Carbon Black has published the findings of a new CIO survey into current approaches to breach detection and response. The survey found that 82 percent of CIOs are under increasing pressure from the business to prevent, detect and respond to security incidents faster. However, over a quarter (28 percent) are ‘not concerned’ that if they were breached it would take a long time to find out it had happened, or worse that they may be breached without realising. In addition, 85 percent admit that, despite their best intentions, they are failing to take a proactive approach to hunting out threats. Instead, they are reactively dealing with threats as and when a breach is uncovered.
The survey also uncovered a disconnect between CIOs’ expectations of threat discovery and response, and reality. According to research from the Ponemon Institute, it takes on average 258 days to detect a breach and a further 100-120 days to remediate the threat after an attack. Yet those surveyed believe it would take an average of two months to uncover a breach. Over a quarter (26 percent) claimed they would be able to uncover a breach in less than two weeks, 15 percent in less than a month, 18 percent in less than three months, while 14 percent believe it would take up to six months. As previously mentioned a further 28 percent said they were not concerned about the length of time it would take them to uncover a breach. Additionally, over half (52 percent) believe that if they were to suffer a breach today, they would be 100 percent confident in knowing what systems and data had been affected and how within 24 hours.
Ben Johnson, chief security strategist for Carbon Black, comments: “When you look at these results, something really doesn’t add up. On the one hand, companies are operating from a reactive security posture and tending to symptoms, rather than causes. Yet they still believe they can detect threats much faster than the industry average, even though they are not actively seeking them out. Hackers today are determined, sophisticated, and well-funded – sitting and waiting for them to make a mistake and expose themselves is not an effective strategy. However, many security teams are flying blind, unable to prioritise threats because of the huge volumes of alerts they receive. Companies need to automate processes where possible to free up security teams time to hunt threats and disrupt hackers during an attack, rather than just picking up the pieces in the aftermath.”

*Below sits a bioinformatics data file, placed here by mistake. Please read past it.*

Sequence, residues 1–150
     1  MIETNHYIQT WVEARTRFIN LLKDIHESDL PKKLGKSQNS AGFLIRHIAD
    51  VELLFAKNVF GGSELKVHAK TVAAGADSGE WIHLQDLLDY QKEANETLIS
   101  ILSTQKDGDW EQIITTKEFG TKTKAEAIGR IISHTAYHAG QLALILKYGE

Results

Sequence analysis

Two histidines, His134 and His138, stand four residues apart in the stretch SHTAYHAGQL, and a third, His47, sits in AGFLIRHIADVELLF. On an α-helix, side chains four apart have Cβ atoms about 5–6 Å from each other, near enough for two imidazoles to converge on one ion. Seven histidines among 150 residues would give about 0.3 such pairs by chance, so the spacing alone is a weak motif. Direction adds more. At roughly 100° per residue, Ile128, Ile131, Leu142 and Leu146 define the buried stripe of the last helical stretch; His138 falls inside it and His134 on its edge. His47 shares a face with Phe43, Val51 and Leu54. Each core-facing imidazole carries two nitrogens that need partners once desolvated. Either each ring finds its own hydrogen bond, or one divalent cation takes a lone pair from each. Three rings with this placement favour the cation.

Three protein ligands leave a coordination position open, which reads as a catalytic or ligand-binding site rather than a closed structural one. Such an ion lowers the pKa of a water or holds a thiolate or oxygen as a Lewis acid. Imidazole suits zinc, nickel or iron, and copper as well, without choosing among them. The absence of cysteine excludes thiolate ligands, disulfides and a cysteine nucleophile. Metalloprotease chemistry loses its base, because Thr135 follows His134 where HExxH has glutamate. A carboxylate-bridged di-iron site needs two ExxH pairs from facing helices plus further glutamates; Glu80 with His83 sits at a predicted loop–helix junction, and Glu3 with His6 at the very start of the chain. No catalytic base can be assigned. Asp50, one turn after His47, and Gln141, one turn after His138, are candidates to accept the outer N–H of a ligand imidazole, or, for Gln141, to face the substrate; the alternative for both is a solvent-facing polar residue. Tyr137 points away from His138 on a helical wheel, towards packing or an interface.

The survey also looked at the ways in which security teams are using technology to be alerted to threats and found that many of the tools that businesses are relying on are not equipped to deal with the new range of attacks facing organizations. While firewalls (94 percent) and AV (90 percent) are almost ubiquitous, and two-thirds of companies are using encryption (64 percent) or intrusion detection systems (62 percent), less than half of organizations (44 percent) have advanced endpoint protection in place. In addition, most businesses are hampered by the fact they are only aware of attacks in their immediate environment, with no perspective of what is happening in the broader market. As a result, 89 percent of CIOs think that security vendors need to collaborate more to provide contextual information about the threats they face.
Johnson continues: “Digital businesses are more open and accessible than ever before, as we are all constantly connected to the Internet. As such, our security perimeter is no longer the network, but the endpoints we use to connect – which are multiplying in number and range every day. However, while the nature of the threats we face is changing, our approach to security is yet to catch up. AV cannot protect the endpoint against zero day attacks, IDS will not prevent a malicious file from executing on a laptop. Not only are CIOs not using the right tools, but they also have no visibility outside their own environment – they’re not asking themselves; has anyone else had this problem? If so, how did they resolve it? The next generation of security needs to use collective intelligence of thousands of users, share knowledge and patterns of attack behaviours across a community. We all have the same goal, to hit back against the bad guys, so we need to unite to do this more effectively.”
The survey of 200 CIOs at UK businesses across multiple industry sectors and with more than 1,000 employees was commissioned by Carbon Black and conducted by independent research firm Vanson Bourne in January 2016.